“We started to scale things back unanimously with our neighbours Twenty Fifty-Two and Transition Records in late March – before things really shut down, but we were suffering on this end of town in terms of foot traffic,” Emily Sheahan says of her Young Street fashion exchange and retail space The Commons.
“We decided to just go solely online, and we had a great response – the community really rallied around us, and so did international sales which was kind of nice.”
With a curated selection of second-hand items and an emphasis on conversations about sustainability in fashion, Sheahan was pleasantly surprised by the online uptick even amidst wider economic upheaval. It’s something the Slow Fashion Festival co-founder thinks reflects how some consumers have been using lockdown as an opportunity to invest more time and thought into what they purchase.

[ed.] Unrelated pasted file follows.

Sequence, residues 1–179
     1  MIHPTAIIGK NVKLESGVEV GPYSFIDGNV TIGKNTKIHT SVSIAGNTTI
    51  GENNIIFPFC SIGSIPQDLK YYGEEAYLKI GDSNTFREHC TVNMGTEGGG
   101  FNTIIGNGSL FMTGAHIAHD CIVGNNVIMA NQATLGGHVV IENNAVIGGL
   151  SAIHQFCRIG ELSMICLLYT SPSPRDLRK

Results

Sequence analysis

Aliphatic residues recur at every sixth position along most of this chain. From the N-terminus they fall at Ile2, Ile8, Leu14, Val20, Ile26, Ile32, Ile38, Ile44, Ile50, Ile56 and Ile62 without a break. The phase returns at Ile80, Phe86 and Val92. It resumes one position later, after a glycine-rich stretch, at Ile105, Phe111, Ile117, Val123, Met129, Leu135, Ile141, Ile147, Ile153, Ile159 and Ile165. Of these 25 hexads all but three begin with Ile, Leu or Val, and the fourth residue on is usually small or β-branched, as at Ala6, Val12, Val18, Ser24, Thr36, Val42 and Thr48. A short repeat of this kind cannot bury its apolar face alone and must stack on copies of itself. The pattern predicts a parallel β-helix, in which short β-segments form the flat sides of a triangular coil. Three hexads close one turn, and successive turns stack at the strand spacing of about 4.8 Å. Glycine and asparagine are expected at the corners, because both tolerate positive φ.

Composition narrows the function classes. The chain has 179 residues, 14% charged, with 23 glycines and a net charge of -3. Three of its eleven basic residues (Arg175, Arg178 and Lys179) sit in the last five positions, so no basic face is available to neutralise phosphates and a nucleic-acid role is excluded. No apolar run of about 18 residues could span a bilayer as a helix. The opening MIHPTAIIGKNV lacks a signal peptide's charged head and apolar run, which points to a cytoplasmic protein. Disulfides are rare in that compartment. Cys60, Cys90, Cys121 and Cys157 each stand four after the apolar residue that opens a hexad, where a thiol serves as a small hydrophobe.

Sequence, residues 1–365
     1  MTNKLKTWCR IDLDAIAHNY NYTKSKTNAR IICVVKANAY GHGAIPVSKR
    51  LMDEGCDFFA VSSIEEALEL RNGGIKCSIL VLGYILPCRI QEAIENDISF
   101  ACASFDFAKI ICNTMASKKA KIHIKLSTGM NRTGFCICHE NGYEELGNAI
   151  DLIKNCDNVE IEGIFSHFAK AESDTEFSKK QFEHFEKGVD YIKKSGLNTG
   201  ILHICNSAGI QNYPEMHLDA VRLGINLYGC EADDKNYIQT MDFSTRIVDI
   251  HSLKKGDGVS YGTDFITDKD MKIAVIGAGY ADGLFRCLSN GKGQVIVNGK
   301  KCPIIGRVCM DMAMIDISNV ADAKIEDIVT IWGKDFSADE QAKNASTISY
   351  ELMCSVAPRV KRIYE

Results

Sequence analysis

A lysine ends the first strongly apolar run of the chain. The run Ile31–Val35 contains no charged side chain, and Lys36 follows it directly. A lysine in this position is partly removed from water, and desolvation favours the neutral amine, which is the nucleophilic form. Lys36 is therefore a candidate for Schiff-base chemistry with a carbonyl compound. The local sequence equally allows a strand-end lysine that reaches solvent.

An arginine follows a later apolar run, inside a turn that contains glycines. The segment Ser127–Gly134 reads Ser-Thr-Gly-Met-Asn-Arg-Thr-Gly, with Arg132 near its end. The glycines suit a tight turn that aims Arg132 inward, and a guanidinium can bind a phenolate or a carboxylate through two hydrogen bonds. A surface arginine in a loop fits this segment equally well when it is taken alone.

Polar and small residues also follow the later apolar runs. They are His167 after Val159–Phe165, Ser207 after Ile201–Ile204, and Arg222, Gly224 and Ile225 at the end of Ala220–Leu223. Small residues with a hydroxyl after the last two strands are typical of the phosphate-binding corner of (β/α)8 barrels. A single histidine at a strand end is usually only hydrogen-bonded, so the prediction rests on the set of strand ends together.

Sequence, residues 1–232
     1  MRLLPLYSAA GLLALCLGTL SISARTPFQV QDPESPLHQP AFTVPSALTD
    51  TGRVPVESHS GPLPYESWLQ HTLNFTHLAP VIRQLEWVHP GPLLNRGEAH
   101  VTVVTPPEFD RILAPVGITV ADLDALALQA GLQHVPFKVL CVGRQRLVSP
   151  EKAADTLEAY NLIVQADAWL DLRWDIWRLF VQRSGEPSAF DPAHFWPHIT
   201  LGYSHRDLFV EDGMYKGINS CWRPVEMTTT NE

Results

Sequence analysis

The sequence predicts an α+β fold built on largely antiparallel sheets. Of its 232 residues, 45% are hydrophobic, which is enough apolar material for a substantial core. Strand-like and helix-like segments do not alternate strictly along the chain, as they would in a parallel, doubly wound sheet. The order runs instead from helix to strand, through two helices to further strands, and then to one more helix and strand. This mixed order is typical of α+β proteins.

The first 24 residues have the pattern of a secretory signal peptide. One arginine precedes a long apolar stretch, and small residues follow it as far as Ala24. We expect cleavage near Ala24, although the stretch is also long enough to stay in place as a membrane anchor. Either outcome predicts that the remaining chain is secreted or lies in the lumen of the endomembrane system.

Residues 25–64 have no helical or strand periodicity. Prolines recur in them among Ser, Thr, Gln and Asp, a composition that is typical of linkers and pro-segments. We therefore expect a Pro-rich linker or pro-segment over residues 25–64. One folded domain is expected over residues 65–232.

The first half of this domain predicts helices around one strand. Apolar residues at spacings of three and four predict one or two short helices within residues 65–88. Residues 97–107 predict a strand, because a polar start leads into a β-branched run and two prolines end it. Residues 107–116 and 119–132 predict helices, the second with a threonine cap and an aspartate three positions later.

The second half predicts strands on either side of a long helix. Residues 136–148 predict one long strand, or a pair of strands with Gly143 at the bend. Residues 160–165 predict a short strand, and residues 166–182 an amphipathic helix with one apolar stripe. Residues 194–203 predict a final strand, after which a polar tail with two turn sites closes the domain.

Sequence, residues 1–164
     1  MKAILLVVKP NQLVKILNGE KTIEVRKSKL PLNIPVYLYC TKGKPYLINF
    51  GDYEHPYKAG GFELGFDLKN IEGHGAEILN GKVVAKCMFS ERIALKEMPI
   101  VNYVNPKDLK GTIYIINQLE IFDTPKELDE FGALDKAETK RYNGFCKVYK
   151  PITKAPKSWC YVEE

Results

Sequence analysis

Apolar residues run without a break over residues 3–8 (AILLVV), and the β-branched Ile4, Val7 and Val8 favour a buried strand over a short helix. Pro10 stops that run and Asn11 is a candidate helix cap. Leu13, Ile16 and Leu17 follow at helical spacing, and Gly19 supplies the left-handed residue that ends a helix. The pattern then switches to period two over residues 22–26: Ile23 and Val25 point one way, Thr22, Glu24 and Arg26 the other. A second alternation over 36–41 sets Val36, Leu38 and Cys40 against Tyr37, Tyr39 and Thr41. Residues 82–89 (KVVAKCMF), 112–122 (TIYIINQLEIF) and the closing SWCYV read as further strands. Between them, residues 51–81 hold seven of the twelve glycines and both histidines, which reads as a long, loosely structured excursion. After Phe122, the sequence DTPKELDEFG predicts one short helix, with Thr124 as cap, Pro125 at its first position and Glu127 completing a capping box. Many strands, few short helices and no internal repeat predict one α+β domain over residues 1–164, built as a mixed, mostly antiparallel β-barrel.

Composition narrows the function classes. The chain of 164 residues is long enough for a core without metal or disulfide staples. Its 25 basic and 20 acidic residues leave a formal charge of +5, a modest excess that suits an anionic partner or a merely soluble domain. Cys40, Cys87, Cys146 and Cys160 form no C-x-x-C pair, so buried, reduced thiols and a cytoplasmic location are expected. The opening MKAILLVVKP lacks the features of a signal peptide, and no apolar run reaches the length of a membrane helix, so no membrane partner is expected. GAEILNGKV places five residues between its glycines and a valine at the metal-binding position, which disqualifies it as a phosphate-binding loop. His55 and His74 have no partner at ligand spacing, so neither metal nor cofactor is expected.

“It’s tricky because I deal specifically in second hand, but I noticed a rise,” she says. “I think it definitely had a big impact; there are some people where financially it was a bit hard, but with the stimulus I think people have been choosing to make more conscious decisions about what they buy.
“People are looking for alternatives; with social distancing they weren’t just walking into Target and getting something for 20 bucks. Given that extra time they might have had behind the computer to look something up, chances are they’ve gone to the ‘About’ page, and learned more about the product.”